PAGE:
The newly acquired Woods started his climb to stardom in Oxnard during training camp, and not for making plays. One day during practice he got into a friendly game of fisticuffs with All-Pro Center Travis Frederick. The team even posted the video on social media, which had fans buzzing and wanting to know who he was.

All-Pro Running Back Ezekiel Elliott echoed those thoughts when he saw Woods during camp. "Honestly, when we first got him, we were like, 'Who is this guy?'. He was giving Travis Frederick, one of our best players, hell all camp. Just trying to figure out where this guy came from," Elliott said.

Once the regular season started it was clear the Cowboys had found a hidden gem. Although the sack numbers won't dazzle you, seeing as he only registered 1.5, you could forget about running the ball anywhere near him. Woods has amazing quickness for a 300 pounder which allows him to extend his arms before offensive lineman can get a hand on him.

How significant is that? It becomes that much easier to bull rush and blow running plays up in the backfield.

When you can get your hands on an offensive lineman immediately when the ball is snapped, he's basically under your control. You can move him around like a puppet on a string. Essential for a 1-technique nose tackle. With that being said, there should be no surprise the Cowboys finished fifth against the run in 2018 with Woods manning the middle.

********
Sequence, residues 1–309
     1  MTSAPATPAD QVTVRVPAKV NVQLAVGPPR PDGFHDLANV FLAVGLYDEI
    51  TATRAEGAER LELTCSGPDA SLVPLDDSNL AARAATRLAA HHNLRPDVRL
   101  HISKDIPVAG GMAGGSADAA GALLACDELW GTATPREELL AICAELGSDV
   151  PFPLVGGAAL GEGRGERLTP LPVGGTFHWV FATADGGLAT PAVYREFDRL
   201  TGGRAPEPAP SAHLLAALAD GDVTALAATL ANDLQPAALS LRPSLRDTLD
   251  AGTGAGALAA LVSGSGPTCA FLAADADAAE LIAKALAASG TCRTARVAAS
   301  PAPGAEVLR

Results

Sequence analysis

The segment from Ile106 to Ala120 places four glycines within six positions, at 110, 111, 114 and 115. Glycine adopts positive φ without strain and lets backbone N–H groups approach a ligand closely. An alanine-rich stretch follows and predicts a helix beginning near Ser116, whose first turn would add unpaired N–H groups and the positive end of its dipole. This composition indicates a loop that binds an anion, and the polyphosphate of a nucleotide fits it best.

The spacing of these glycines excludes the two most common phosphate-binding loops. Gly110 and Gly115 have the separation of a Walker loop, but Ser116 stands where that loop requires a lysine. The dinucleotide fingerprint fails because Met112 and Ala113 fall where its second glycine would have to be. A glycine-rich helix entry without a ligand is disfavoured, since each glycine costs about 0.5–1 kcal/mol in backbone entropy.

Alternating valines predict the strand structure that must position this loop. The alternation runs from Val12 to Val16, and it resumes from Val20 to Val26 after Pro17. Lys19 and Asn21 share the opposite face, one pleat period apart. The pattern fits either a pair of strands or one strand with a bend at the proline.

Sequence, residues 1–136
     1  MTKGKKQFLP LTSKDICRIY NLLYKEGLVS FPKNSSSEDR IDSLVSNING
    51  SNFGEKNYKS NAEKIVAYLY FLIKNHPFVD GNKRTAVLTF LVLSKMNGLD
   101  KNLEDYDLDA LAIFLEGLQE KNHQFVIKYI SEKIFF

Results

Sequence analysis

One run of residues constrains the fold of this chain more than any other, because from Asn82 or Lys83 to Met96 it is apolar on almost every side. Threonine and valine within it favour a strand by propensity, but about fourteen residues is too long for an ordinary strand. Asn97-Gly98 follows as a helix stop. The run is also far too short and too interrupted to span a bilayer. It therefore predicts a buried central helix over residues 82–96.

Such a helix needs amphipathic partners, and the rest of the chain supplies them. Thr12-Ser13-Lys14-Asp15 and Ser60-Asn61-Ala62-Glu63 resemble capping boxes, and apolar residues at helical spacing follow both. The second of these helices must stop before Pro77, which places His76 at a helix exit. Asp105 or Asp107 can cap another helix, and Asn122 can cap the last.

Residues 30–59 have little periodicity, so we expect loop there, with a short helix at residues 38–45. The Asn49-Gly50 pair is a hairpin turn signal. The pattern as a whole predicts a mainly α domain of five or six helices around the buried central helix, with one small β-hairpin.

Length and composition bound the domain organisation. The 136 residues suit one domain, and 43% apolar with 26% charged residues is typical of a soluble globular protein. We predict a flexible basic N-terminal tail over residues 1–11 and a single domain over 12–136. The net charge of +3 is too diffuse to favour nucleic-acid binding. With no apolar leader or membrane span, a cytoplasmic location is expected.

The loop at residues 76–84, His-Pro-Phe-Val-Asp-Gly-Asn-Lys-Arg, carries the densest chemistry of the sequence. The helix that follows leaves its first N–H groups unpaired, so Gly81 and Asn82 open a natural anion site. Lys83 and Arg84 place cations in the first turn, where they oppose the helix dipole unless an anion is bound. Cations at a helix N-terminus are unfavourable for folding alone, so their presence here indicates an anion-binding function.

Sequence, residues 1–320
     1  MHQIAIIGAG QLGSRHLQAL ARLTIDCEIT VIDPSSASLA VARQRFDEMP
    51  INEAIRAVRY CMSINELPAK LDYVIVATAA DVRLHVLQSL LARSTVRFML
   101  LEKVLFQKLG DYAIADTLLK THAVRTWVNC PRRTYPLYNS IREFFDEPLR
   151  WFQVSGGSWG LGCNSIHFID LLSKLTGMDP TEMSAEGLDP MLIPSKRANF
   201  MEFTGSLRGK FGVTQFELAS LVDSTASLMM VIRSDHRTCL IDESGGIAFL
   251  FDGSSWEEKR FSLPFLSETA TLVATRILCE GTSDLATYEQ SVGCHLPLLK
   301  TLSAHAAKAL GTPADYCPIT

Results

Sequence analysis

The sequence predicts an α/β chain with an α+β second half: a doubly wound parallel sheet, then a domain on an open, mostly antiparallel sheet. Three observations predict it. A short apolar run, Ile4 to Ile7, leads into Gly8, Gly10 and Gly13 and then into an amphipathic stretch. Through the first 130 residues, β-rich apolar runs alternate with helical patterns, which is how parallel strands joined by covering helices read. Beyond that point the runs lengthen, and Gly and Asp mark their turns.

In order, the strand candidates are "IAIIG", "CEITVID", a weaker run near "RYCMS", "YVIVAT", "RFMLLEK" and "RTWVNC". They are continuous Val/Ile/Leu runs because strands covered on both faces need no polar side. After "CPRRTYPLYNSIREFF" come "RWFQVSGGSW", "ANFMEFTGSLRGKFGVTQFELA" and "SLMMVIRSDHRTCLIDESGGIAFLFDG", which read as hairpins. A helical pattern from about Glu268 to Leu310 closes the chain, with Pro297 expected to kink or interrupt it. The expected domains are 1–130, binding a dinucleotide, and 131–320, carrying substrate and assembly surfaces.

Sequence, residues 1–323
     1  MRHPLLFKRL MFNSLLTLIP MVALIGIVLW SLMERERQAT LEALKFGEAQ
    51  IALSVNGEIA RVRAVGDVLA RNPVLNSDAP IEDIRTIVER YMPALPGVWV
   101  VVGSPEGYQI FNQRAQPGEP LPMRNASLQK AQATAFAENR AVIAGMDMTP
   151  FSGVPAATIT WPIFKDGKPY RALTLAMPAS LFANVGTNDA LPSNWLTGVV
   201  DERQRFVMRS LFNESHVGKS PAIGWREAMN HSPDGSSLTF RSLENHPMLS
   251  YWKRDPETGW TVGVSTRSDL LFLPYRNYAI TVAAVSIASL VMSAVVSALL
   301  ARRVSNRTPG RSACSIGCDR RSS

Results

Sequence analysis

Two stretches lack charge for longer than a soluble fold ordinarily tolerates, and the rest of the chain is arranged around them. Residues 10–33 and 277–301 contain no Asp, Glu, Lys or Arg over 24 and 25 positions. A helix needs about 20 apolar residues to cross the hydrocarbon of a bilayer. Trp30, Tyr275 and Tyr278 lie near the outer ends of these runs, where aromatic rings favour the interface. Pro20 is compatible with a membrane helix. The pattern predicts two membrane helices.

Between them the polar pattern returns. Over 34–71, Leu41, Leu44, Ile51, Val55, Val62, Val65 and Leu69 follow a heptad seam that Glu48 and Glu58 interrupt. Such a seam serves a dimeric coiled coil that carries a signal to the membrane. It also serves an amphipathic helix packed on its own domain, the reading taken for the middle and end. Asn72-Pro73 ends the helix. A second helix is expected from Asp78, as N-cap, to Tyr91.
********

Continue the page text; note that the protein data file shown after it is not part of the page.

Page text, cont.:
Woods draws a lot of double teams, and he handles them well. Having the ability to take on multiple linemen frees up your other playmakers. As the anchor in the middle, Woods made life a lot easier for not only his fellow defensive linemen but the team's two young star Linebackers Jaylon Smith and Leighton Vander Esch. Allowing them to roam freely like Lions in the Serengeti makes running backs essentially Zebra's carrying the ball, cooked food. So much so that both tallied over 120 tackles and were the only teammates in the NFL to rank in the top 15 in that category.

There's nothing but upside with Antwaun Woods. He's only had 18 games of experience in three years. He's already a stud, but with limited snaps, it can only mean he'll be even more formidable going forward.

The Cowboys have a loaded defensive lineman group with around 15 bodies, plenty of competition. All signs point to him remaining the starter, but it's not guaranteed. Even with that being said I don't expect a complacency from Woods, especially with DeMarcus Lawrence and Robert Quinn looking like the only sure starters on the defensive line. Plus this is a contract year for him, so you know he'll be even more motivated as he tries to maximize his dollars. We've only seen the tip of the iceberg from this raw talent, setting up for a potential breakout year for him in 2019.